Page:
Recently, NPRC has transformed the way it responds to inquiries, to provide dramatically improved customer service. This Business Process Reengineering project has changed structures and systems that in some cases have been in place since the center was formed forty years ago. However, nearly 20,000 requests are processed each week. Turnaround times for records requested from the National Personnel Records Center (NPRC) vary greatly depending on the nature of the request. For example, requests that involve reconstruction efforts due to the 1973 fire may take much longer to process than others.

    Medical Records

    Active Duty Health Records: Health records cover outpatient, dental, and mental health treatment which a former member received while in the military service. Health records documents include induction and separation physical examinations and routine medical care (doctor/dental visits, lab tests, etc.) when the patient was not admitted to a hospital. In comparison, clinical (hospital inpatient) records are not filed with the health records, but are generally retired to National Personnel Records Center by the facility that created them.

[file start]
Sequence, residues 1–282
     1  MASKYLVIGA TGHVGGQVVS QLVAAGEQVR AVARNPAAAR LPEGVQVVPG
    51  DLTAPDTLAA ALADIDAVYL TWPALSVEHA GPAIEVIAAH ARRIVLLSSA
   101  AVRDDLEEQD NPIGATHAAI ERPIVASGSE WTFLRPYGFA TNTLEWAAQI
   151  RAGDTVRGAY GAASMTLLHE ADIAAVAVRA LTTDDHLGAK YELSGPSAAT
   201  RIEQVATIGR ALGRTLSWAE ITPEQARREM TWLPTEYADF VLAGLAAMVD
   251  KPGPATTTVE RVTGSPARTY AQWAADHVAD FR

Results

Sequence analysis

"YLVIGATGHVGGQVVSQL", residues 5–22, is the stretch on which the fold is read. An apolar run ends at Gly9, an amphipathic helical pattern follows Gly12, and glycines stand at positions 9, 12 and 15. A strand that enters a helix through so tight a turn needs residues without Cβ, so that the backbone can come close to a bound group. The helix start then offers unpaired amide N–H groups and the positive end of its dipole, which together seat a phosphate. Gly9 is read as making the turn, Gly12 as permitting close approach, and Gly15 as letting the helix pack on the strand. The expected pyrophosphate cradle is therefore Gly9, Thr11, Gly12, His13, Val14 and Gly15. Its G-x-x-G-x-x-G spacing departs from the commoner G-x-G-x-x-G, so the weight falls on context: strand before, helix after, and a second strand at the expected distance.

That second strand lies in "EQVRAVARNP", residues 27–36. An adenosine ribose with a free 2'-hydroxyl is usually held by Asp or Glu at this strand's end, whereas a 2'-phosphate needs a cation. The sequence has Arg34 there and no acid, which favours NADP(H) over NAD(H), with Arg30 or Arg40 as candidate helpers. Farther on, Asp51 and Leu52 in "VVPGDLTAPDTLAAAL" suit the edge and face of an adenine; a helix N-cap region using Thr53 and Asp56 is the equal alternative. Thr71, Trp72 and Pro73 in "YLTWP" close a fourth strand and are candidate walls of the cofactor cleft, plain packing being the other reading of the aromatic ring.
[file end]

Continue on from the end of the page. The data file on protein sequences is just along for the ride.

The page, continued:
The health records were formerly retired to NPRC with the personnel record portion when a member was released, discharged, or retired from active duty. That practice has since been discontinued. In 1992, the Army began retiring most of its former members’ health records to the Department of Veteran Affairs (VA). The other services made this change on the dates shown below:

  • Army (Discharged, retired, or separated from any component) – October 16, 1992